Setlist
Paprika
Be Sweet
In Heaven
Kokomo, IN
Road Head
Savage Good Boy
The Body Is a Blade
Posing in Bondage
Slide Tackle
Everybody Wants to Love You
Diving Woman

The queen of the night was certainly Karen O, but she first appeared with another self-proclaimed queen, Mike Hadreas aka Perfume Genius, whose angelic high-pitch voice perfectly completed the Yeah Yeah Yeahs frontwoman’s rich tones during the duo, “Spitting Off The Edge Of The World.” It was a nice surprise and a relatively mellow start to launch an otherwise high-energy show. Although she can get away with anything fashion-wise, Karen O almost looked encumbered under an oversized umbrella rainbow hat and a matching cape, that she soon peeled off after she was done with the first song. With her giant leather pants, she had the entire bowl at the top of her signature pink glove for 17 songs, while the space had largely cleaned up, leaving the stage wide open for her antics.

She screamed, snarled, laughed, bounced, jumped, shook her head many times, swallowed her mic, while the rest of the band mostly stayed in the background. The energy on stage was matching the crowd’s enthusiasm while making Karen O the star of the show. She is just an extremely charismatic performer, always on the move, always statuesque, so that you could not detach your eyes from her, especially during the hits and the catchiest (old or new) songs, such as “Under the Earth,” “Burning,” “Zero,” “Gold Lion,” “Y Control,” “Heads Will Roll,” and of course “Maps”… could the Yeah Yeah Yeahs even play a show without this one?

However, the musicianship behind Karen O’s restless presence relied on Nick Zinner’s magnificent work on guitar, and Brian Chase’s elegant drumming, completed by Imaad Wasif‘s transcendental keys and chords. It was teamwork from start to finish, and out of the three, Brian Chase may have been the more visible, as he was sometimes standing up above his drums, pointing his drumstick to the crowd. During the new tune “Burning” which exploded with a cinematic grandeur in front of visions of furious seas and volcanic explosions on the stage screen, Karen decided to walk on the edge of the wall limiting the pool/pit, getting closer to the gigantic crowd of the Bowl.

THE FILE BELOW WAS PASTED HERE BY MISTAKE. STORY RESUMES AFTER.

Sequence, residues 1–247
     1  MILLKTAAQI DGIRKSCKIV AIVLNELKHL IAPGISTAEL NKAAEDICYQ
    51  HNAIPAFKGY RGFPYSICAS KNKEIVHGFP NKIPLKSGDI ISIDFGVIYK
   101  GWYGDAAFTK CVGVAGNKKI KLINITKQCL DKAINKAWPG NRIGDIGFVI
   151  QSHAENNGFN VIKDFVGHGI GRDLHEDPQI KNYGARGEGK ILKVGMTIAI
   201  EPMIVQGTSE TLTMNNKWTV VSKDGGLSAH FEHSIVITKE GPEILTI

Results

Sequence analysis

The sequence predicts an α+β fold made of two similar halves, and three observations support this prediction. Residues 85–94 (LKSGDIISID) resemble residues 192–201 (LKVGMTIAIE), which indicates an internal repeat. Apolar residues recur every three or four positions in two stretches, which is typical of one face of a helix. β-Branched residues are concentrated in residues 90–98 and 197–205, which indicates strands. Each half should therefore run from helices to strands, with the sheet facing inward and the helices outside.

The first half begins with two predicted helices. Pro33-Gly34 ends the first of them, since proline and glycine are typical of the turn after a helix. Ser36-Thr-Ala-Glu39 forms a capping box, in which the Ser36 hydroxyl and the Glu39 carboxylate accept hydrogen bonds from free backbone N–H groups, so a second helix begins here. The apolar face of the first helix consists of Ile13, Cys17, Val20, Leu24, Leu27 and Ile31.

Despite a few slower moments dragging a bit during new songs I was not familiar with yet (and they only did one song from “Mosquito”), this was probably one of the best live shows I have experienced lately. There was a false start (“Gold Lion”) with Karen’s laugh and some wild participation from the crowd for the ooo-ooos, while the band unleashed more fury with “Heads Will Roll.” The accent was made on the fun as giant eyeballs danced over the crowd during “Zero” and Y-shaped pink confetti were raining over our heads during the grand finale, “Date with the Night.” There’s no doubt that standing in the pool made everything a million times more enjoyable than watching the show from one of these nosebleed bench seats.

Karen O also saluted two rock goddesses who were in attendance, Shirley Manson, and did I hear “Kim Wilde”? Everyone around me was screaming, but this would make sense since, for their encore performance, she brought out The Linda Lindas and Japanese Breakfast for a triumphant cover of Kim Wilde’s “Kids in America.”

It was a victorious return to the stage for the Yeah Yeah Yeahs with microphones smashing under an avalanche of pink confetti: the night had joyful celebration written all over it, with a few moments of darkness and the immutable presence of Karen O, transcending genres and styles, re-affirming her rock star of a generation status.

Setlist
Spitting Off the Edge of the World (with Perfume Genius)
Cheated Hearts
Pin
Under the Earth
Burning
Zero
Wolf
Fleez
Soft Shock
Lovebomb
Blacktop
Maps
Gold Lion
Y Control
Heads Will Roll

Encore:
Kids in America (Kim Wilde cover with Japanese Breakfast and The Linda Lindas)
Date With the Night